• Are refuse bins emptied daily into approved channels?
    • Are common areas kept clean?
    • Are windows kept clean?
    • Are common bathrooms cleaned daily?
    • Do common bathrooms offer adequate supplies?
    • Are there specific food disposal facilities, if applicable?
    • Is there a pest control strategy?
    • Is there any evidence of pest infestations?
    • If evidence of pests is found, has the building been sanitized?
    • Have pest control records been kept?
    • Have potentially harmful pest control chemicals been used?

    HVAC Heating & Cooling

    A commercial property’s heating and cooling system can represent safety challenges if not properly installed and/or maintained. There are several ways this can negatively impact building safety.

    Improperly functioning or unattended equipment can lead to personal injury or cause health-related concerns. As well, improper ventilation and filtration systems can lead directly to illness, in some cases severe.

    Due to these concerns, there are a wide array of regulations that cover the proper operation of heating and cooling systems. Federal, provincial and municipal laws will have varying degrees of control over this aspect of property operations.

    Some of the relevant heating and cooling system questions to consider are:

    • Is machinery related to heating/cooling locked and inaccessible to the public?
    • Is this machinery tended to and maintained by qualified personnel?
    • Has the machinery been installed by licensed technicians?
    • Are any flammable materials stored near the furnace?
    • Are furnace/boiler rooms kept clear of obstructions?
    • Are ducts and vents clear of obstructions?
    • Are ducts and vents cleaned regularly?
    • Are air filters replaced at recommended intervals?
    • Are furnaces and air conditioners operated within tolerances?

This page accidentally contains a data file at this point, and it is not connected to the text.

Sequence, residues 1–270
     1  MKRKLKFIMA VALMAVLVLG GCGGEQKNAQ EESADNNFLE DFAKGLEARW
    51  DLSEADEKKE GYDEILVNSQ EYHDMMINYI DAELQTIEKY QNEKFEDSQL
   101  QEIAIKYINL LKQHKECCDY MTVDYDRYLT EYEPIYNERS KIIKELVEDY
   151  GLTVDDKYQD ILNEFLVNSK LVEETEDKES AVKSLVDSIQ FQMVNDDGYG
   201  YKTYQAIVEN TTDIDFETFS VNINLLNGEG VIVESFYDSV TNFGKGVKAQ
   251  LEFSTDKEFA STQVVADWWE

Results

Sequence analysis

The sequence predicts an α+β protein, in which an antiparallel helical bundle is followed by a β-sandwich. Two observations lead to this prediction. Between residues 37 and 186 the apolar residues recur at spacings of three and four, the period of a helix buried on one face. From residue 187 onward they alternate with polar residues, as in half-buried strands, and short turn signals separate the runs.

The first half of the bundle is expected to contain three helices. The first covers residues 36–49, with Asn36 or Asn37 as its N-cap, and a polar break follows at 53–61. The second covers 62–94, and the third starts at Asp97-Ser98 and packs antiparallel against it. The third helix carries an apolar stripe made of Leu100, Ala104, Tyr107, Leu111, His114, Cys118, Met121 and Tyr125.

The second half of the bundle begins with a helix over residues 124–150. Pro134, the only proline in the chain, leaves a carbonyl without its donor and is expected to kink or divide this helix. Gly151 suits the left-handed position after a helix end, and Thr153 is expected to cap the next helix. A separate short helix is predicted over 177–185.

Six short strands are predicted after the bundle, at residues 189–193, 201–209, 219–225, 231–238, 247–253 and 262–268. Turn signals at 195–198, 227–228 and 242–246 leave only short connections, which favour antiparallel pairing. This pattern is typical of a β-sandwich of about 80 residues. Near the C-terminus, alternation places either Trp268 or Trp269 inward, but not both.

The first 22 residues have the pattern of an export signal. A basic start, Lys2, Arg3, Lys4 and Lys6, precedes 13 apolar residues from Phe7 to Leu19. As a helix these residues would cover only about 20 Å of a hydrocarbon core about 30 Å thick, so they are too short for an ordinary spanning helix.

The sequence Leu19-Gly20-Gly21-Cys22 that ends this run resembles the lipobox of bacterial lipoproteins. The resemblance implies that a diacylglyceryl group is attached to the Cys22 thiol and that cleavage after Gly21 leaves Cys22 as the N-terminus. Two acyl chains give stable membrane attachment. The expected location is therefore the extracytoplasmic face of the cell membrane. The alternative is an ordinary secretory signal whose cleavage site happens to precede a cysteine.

• Are temperatures set in accordance with any mandated levels?


    Many commercial properties maintain areas dedicated to the storage of goods and materials. These areas can, if not properly managed, result in safety concerns.

    Federal, provincial and municipal governments set out specific requirements when it comes to the storage and transportation of hazardous materials. Even in residential buildings, the possibility exists for hazardous materials to be inadvertently stored.

    Ensure that all materials stored on the property meet relevant government regulations and are maintained safely and securely.

    Some questions to consider when it comes to commercial building storage:

    • Are any hazardous materials stored on site?
    • If hazardous materials are present, are they handled according to regulations?
    • Are cabinets and storage areas marked as containing hazardous materials where appropriate?
    • Are proper containment materials available in the event of a spill?
    • Are there eye- and hand-washing stations if applicable?
    • Are ladders in good working order?
    • Do stacked goods comply with best stacking practices?
    • Are storage areas properly ventilated?
    • Are storage pathways and exits free of obstructions?
    • If lifting equipment is present, is it in good working order?
    • Is lifting equipment operated by qualified personnel?


    As we have seen, there are many categories to consider when conducting a commercial property safety audit. While many of these areas are subjected to legal standards, some aren’t; it is, therefore,  desirable to ensure that a safety checklist is maintained and followed to ensure that reasonable safety standards are met.

    To that end, engaging the services of a professional commercial property manager is highly recommended. They can leverage their experience to examine the state of a property and determine where safety standards are not being

    However, if hiring an inspector is not practical, the property owner can conduct a reasonable audit themselves. While it’s not possible to predict every contingency, accidents and injury can frequently be avoided by ensuring that the property owner adheres to these

    Not only will the property owner reduce their potential liability, but they will help ensure that the space is able to be enjoyed by all intended users.